She’d only discovered this truth in the last few moments. And it had shocked her. Forced her to appreciate the many quiddities of life. While riding with the Black Clan toward the watering hole in which Mariko had first encountered them, Haruki the metalsmith had begun to sing. In vain she’d wished to join in—especially since this was the first time in the three weeks she’d been in their camp that they’d brought her with them to the watering hole. On several occasions many of them had left together at night, returning ribald and robust with drink.
Reminding Mariko of her place, which was always removed.
Haruki’s song was a sweet song, with the easy kind of verses that encouraged improvisation. As several of the other members began joining in, the tune became bawdier. Their voices became rowdier.
When Yoshi began to sing of ample bosoms, Mariko quickly urged her steed forward—beyond their earshot—lest the next verse fall to her. She may be pretending to be a young man, but she wasn’t quite certain what a young man would most like to sing about when it came to the fairer sex.
Naked women? Certainly.
But what exactly was it about female nakedness that would be attractive? It was just a body. A form. A vessel. Truly it was a puzzle. Breasts were just breasts, were they not? The most fascinating thing about any woman should be her mind, should it not?
Of course not.
Mariko almost groaned when she heard the unmistakable click of Ōkami’s tongue at her side. He slowed his warhorse to match the pace of hers. And leaned close.
“Are you not interested in the song, Takeo?” he teased. The Wolf looked to be in a fine mood on this late afternoon. Briefly Mariko wondered what his angle might be. What this ploy might cost her.
Then decided it didn’t matter.
“I should think you would be far more interested in this sort of song than I, Tsuneoki.” She grinned.
From the corner of her eye, Mariko caught the curve of his lip. A sly, scarred smile.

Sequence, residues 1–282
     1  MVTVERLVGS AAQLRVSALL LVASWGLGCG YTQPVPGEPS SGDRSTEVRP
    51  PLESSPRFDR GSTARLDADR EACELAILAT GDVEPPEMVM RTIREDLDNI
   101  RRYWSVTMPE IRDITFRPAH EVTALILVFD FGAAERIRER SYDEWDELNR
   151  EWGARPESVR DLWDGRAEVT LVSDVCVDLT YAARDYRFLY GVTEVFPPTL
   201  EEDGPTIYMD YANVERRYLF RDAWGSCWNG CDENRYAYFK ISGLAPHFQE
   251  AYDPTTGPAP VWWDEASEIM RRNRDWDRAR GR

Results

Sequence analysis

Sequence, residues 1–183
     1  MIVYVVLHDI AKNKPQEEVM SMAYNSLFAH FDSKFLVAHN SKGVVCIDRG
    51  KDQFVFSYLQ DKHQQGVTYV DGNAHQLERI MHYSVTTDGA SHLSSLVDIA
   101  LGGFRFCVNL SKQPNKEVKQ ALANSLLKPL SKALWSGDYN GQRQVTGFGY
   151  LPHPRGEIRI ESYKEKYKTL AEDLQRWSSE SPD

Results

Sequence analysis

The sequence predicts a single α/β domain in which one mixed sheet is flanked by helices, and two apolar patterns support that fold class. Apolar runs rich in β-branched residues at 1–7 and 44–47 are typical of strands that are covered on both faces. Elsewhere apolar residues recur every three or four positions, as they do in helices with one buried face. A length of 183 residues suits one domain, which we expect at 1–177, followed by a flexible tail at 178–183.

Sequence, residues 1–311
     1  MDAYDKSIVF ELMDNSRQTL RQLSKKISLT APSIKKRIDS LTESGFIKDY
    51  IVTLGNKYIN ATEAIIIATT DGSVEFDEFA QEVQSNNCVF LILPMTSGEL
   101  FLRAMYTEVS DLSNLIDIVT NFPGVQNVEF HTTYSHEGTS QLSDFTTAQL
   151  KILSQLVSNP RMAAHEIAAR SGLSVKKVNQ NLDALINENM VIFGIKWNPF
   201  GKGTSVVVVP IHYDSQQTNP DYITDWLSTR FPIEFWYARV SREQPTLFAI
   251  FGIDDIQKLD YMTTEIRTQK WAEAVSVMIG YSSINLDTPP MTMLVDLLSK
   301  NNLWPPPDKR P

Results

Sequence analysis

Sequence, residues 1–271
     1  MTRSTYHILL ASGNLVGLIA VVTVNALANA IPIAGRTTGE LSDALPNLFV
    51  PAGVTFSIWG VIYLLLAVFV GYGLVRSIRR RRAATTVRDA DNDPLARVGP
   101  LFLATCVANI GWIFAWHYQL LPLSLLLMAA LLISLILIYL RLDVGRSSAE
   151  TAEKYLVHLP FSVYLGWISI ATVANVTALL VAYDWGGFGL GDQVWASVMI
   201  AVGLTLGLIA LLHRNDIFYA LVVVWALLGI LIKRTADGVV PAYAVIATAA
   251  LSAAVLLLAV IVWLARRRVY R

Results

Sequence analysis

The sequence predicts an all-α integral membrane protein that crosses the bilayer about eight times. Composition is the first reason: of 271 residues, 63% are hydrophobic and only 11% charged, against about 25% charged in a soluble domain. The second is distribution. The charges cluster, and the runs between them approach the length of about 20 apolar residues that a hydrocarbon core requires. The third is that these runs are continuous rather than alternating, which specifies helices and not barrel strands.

“Is that meant to be a testament to my prowess?” Ōkami spoke in low tones, his eyes gleaming. The suggestiveness in his words caused the blood to rise in her neck. Behind them, the sun was starting its slow descent, the darkness reaching for it from beyond the horizon. And Mariko was suddenly reminded. How a night sky darkened words as well. Imbued them with shadowed meaning.
What once was innocent became illicit with nothing but a glance.
The searing warmth of Ōkami’s touch that night beside the hot springs. The fire that had burned through her veins.
Mariko shook her head quickly. “It’s rather a testament to your ridiculousness.”
“Such cruelty.” He tsked. “When all I strive for each day is to convince my shadow I’m someone worth following.”
She glanced down at the long, thin silhouette trailing at his back. It looked jagged and uncertain. Appropriate. “Perhaps you should try harder.”
“Would it be so hard to say something nice? Just once.”
“I shall,” she said simply. “After you show me how.”
They were far in front of the other men now. Riding side by side.
The rōnin and the warrior girl in disguise.
Mariko wanted to hate Ōkami. But the memory of his hands sifting through her hair. Of the way his eyes turned up when he smiled. The way his entire demeanor softened when he meant it. When he was true.
Ōkami was such an enigma. A boy without honor, who nevertheless did honorable things. Like save Mariko when he could have left her to fend for herself. Or stop to leave money for an elderly woman when he should have been fleeing the imperial city. Like when he kept her secret. Despite the fact that his loyalties remained elsewhere.
Mariko glanced at him furtively. Saw the way his strong fingers lightly grasped the crimson fabric of his reins. Remembered the way his lips shaped his words. Ōkami did everything with the natural grace of a boy absent care. He was not calculating. He was instinctual.
And he really did possess some of the finest hands Mariko had ever seen.
Just as she thought to say something nice—about how well he sat in his saddle—Ōkami cut his warhorse across her path, halting her, his right fist in the air.
The nostrils of his horse flared. Mariko’s steed whickered.
Before them was a familiar line of maple trees along the westernmost edge of the forest. The outskirts near the watering hole.